The title of their editorial poses a question that requires a yes or no answer, yet they fail to actually posit their conclusion, choosing instead to bemoan the fact that, according to their information, only 29% of office holders are women when they represent 51% of the population.  What would be a much more useful determinate of reality would be to know what percentage of elected offices fielded female candidates.  Undoubtedly that number is much higher that the 29% who were successfully elected as opposed to those who ran and were defeated.  Isn’t it fair for voters to decide that a candidate, even a woman, isn’t the right candidate?  The author’s data simply indicates women who won, not really useful information.

In an essay of less than 500 words, the authors use the term “woman” or “female” some 50 times.  Replace those terms with “black” or “Hispanic” and all of a sudden the tenor and tone of the subject matter changes dramatically; why, because we have been so brainwashed into a stupefied state of political correctness, we can scarcely see the reality of our thoughts and words until someone not affected by that fog of bigotry brings it to our attention.

Consider the title of the essay, substituting black for woman:

The new title:  “Should blacks consider race when voting?”

Here is just one other example, using exactly the same words as the authors, substituting the word woman or female with the word black.

“Obviously, blacks vote for blacks. If blacks never voted for black candidates, no black could win elections.  But why are some black voters hesitant about supporting blacks? All things being equal, why don’t black candidates get a bump from blacks?”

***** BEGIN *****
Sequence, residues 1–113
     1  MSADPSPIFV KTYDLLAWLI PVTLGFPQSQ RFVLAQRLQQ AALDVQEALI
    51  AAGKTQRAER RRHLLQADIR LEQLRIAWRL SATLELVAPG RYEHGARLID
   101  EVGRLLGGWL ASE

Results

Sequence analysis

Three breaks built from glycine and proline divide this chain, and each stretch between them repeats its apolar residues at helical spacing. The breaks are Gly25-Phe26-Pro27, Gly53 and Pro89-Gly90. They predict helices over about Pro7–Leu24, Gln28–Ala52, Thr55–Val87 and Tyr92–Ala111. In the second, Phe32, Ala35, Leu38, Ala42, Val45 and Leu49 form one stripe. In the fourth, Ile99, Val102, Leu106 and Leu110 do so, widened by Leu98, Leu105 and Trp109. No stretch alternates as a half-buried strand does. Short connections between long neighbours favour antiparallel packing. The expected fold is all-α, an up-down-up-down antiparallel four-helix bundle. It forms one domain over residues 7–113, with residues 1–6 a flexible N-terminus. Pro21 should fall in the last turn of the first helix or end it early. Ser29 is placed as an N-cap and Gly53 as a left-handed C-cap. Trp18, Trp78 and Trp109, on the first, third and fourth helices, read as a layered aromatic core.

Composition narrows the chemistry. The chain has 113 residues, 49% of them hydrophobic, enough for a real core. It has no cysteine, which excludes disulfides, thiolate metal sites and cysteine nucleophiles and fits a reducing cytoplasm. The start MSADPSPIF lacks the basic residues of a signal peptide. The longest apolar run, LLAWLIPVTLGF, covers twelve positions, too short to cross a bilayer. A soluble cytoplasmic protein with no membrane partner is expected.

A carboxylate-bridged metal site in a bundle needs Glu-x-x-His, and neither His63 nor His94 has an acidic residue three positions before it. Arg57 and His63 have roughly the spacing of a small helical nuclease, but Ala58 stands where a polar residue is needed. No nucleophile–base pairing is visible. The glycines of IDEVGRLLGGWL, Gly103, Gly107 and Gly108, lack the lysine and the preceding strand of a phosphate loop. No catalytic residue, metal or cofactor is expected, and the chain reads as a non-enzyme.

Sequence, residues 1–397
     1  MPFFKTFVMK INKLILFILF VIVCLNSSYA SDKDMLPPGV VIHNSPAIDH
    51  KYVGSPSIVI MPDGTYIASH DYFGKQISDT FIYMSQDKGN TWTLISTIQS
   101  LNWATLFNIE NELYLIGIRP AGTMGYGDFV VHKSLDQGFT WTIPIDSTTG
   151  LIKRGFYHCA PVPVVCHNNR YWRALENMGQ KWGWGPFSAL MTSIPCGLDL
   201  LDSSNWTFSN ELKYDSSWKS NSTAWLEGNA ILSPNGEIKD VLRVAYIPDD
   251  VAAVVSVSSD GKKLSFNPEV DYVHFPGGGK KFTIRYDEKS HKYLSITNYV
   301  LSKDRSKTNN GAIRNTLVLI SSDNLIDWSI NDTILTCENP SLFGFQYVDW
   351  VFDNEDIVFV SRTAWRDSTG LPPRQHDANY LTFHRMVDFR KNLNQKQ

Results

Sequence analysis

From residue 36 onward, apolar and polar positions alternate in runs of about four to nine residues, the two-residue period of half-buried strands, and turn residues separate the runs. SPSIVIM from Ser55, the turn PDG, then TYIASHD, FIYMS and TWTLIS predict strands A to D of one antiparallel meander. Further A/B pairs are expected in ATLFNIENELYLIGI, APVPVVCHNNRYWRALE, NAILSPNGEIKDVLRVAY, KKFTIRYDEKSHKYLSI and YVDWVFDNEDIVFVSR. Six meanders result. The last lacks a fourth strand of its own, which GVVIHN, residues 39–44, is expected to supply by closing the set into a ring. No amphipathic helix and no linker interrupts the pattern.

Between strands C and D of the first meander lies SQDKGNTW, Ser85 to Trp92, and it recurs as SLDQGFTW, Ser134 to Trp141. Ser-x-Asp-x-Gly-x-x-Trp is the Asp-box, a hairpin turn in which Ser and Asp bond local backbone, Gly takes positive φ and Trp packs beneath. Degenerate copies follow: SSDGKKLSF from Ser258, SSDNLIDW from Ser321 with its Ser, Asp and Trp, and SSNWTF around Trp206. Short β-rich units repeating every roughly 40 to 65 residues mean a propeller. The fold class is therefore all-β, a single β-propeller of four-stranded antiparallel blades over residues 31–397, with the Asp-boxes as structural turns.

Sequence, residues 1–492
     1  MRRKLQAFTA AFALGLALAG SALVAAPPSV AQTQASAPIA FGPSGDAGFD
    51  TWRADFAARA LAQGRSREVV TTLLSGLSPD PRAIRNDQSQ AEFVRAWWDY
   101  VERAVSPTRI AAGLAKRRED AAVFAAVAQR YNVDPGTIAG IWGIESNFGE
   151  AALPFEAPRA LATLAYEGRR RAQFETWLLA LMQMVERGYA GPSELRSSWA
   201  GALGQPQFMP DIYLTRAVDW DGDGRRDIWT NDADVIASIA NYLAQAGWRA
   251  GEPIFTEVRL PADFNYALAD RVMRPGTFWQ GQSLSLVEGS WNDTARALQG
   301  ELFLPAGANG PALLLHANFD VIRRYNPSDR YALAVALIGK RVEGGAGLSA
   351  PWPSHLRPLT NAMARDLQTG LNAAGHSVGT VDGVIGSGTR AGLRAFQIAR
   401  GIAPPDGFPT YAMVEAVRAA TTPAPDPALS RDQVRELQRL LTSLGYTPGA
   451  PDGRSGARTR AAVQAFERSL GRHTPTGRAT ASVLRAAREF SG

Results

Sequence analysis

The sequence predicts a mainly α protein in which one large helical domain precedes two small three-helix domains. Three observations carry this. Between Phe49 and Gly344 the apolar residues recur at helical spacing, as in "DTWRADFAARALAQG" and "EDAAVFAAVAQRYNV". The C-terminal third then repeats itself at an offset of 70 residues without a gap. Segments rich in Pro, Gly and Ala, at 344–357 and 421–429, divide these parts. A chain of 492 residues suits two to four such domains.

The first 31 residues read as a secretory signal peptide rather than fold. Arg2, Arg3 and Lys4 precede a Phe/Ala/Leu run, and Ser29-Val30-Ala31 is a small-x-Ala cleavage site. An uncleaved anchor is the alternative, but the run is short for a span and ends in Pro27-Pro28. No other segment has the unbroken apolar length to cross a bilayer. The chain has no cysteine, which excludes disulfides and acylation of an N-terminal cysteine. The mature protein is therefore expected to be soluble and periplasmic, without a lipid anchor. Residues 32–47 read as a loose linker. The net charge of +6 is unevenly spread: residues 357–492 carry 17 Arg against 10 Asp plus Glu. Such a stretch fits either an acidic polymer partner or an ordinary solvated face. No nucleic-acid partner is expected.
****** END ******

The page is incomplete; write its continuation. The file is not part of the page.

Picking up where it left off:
While the above paragraph might make most readers squirm, somehow when the authors say the exact same thing about women, no one notices.  I believe this is representative of the so-called soft bigotry of low expectations, ironically doled out in this case by the very group of woman supposedly opposed to and appalled by such attitudes.

Promoting a gender, a race, a religion, a nationality, all of it is bigotry, even when the practitioner thinks her cause noble.  We have to focus on the quality of the candidate, not using the scorecard of, do we have enough, blacks, Hispanics, women, etc.  What we need are high quality candidates and frankly, I don’t care in what color or gender that package is wrapped.



What Do We Deserve?

It is amazing how many schemes with good sounding intentions end up accomplishing exactly the opposite. The Iranian nuclear deal, Obama-care, gun control, minimum wage, equal pay for equal work, food stamps.   A fool’s dose of credulity is required to accept as accident consequences 180 degrees out of phase with advertised outcomes.  Today’s unfolding political realities are unmasking the truth that the intentions were never good; the actual results were planned and calculated.